Rapid Removal Owner Jim Watje and his attorney, Brad Grill, met with the Trenton City Council Monday night in an effort to reach an agreement regarding trash service complaints that the council has received.
At the last meeting, the council requested the city attorney write a letter to Rapid Removal regarding specific concerns like refusing to pick up bulky items, trash not being picked up, and trucks that were leaking a liquid in various places of the city while the company was to provide leak-proof trucks Watje, according to the letter, was invited to attend the council meeting.
Watje explained the COVID-19 pandemic has prompted Rapid Removal to follow health and safety concerns for the workers. He shared numerous pictures taken by Rapid Removal staff showing large amounts of trash strewn along the curbside and not bagged or placed in trash containers. He described health concerns in physically trying to pick up such assorted trash. Watje reported Rapid Removal, because of the pandemic, was not picking up bulky items placed at the curbside.
No announcement was made to the media that the company was temporarily not picking up bulky items. In response to charging people who take bulky items out to the Rapid Removal site, Watje said the staff doesn’t know if they are actually a Trenton resident or live elsewhere. The council recommended Rapid Removal request proof of residency via a driver’s license or utility bill which includes the trash service fee. Watje agreed with that so the company will accept for free, a bulky item weighing no more than 150 pounds when it’s taken to Rapid Removal and proof of Trenton residency is provided.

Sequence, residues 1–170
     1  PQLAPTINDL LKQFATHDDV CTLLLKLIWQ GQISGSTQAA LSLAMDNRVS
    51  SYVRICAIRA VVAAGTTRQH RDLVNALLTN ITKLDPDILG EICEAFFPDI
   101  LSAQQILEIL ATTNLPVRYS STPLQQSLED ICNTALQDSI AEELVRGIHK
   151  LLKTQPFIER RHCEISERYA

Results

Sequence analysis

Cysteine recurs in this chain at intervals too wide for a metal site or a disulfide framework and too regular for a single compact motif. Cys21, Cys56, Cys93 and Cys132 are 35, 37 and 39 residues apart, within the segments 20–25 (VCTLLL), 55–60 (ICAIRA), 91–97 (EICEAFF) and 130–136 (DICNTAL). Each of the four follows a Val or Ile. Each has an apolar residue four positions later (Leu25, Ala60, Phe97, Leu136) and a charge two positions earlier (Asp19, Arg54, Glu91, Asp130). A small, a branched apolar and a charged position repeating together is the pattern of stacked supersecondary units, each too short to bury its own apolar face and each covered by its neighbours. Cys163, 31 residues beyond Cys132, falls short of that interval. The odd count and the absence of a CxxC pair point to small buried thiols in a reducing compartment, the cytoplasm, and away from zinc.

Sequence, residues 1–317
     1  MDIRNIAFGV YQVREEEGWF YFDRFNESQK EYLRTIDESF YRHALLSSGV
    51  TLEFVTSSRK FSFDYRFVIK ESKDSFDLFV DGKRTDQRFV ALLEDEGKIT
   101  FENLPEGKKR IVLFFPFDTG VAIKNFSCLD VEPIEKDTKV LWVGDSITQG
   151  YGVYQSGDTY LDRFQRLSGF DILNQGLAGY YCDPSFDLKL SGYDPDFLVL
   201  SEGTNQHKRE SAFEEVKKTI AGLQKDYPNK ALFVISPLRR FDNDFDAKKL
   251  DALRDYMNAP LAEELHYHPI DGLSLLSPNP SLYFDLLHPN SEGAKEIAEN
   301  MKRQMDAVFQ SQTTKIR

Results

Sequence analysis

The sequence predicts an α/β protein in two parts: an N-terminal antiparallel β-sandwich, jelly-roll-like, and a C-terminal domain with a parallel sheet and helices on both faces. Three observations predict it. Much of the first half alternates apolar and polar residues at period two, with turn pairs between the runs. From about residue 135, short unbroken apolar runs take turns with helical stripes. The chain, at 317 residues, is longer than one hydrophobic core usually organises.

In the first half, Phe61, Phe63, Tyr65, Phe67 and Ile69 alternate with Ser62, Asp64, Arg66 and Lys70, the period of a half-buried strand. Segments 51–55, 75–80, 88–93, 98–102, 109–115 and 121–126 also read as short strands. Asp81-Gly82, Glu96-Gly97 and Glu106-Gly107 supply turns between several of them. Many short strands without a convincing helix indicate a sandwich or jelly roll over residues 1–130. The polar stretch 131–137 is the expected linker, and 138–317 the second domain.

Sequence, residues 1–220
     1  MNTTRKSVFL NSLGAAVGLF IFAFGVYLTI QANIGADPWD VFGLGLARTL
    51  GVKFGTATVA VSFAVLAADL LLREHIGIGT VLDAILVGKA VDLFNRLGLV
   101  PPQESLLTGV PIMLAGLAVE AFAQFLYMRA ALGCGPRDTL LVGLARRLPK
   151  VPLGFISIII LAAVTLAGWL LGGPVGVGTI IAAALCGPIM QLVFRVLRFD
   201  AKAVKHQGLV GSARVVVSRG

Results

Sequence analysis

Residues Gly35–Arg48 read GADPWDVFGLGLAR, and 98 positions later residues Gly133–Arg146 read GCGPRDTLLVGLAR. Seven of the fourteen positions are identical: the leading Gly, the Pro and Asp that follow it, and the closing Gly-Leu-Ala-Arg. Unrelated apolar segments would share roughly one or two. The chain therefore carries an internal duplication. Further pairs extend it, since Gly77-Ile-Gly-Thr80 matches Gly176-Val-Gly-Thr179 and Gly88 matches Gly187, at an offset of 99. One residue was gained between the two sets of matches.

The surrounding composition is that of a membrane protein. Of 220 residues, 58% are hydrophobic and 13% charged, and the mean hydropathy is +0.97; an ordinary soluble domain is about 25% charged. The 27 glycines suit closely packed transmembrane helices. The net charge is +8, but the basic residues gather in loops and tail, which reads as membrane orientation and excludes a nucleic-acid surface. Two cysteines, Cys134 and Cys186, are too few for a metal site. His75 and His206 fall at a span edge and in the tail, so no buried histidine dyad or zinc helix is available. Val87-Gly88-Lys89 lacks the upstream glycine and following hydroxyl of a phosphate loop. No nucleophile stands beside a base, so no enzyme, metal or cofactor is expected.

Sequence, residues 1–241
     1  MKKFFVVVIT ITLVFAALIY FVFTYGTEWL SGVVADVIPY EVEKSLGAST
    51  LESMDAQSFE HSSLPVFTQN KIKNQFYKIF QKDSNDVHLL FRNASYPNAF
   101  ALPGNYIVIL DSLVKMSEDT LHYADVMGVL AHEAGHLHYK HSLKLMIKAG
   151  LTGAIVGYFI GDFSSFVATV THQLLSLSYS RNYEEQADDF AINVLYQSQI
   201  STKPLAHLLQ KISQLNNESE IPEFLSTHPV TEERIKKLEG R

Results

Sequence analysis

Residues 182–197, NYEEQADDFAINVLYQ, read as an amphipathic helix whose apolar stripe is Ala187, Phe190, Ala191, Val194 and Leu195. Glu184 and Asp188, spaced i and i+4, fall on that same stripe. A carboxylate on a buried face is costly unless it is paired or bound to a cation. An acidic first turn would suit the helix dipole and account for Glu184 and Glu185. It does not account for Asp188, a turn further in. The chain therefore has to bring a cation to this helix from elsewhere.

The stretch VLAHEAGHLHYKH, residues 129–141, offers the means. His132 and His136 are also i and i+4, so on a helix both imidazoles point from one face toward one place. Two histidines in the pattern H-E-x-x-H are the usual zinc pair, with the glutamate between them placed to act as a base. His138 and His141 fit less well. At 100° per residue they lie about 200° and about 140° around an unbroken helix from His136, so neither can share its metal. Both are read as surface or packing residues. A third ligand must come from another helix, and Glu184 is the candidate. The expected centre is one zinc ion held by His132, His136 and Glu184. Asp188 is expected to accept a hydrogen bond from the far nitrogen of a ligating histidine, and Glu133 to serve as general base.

As for the trucks leaking a liquid, Watje explained water often gets into the trash and it’s basically impossible to have a leak-proof truck. He did admit, upon being questioned, that some of the drain plugs were loose – now they’re checked every day.
The city council adopted an ordinance accepting a grant from the Highways and Transportation Company for operation and maintenance of the Trenton airport. The $20,000 grant is part of the Federal CARES Act funding awarded to the state.
Urton said the money can be spent on relocating utilities for the new hangar; paying for utility costs and to buy fuel for re-sale at the airport.
The council authorized Police Chief Rex Ross to pursue the purchase of a 2020 all-wheel-drive police car. It would replace one with 109,000 miles. Ross said the department has budgeted $26,274, divided over three years, to pay for the cost.
Approval was given for the purchase of fencing to surround the fire training center. Submitting the low bid of $26,250 was Challenger Fence. Chief Brandon Gibler said it’ll be a chain-link fence with strands of barb wire at the top. There will be three drive-through gates. Gibler also reported the white Trenton fire truck is back in service after repairs were made, including a pump, that cost 15,922.
After hearing from Bill Miller regarding a city lien at 1415 Lulu Street, where a house has been torn down, the council referred it to the administrative committee to decide what amount of the $5,000 lien it could forgive and to perhaps establish a policy moving forward. The council also met in executive session last night for a legal matter.